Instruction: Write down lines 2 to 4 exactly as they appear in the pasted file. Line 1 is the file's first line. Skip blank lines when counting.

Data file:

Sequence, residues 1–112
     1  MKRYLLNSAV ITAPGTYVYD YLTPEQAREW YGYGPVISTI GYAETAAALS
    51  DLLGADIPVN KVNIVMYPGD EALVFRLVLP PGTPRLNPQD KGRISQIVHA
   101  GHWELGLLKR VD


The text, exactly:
     1  MKRYLLNSAV ITAPGTYVYD YLTPEQAREW YGYGPVISTI GYAETAAALS
    51  DLLGADIPVN KVNIVMYPGD EALVFRLVLP PGTPRLNPQD KGRISQIVHA
   101  GHWELGLLKR VD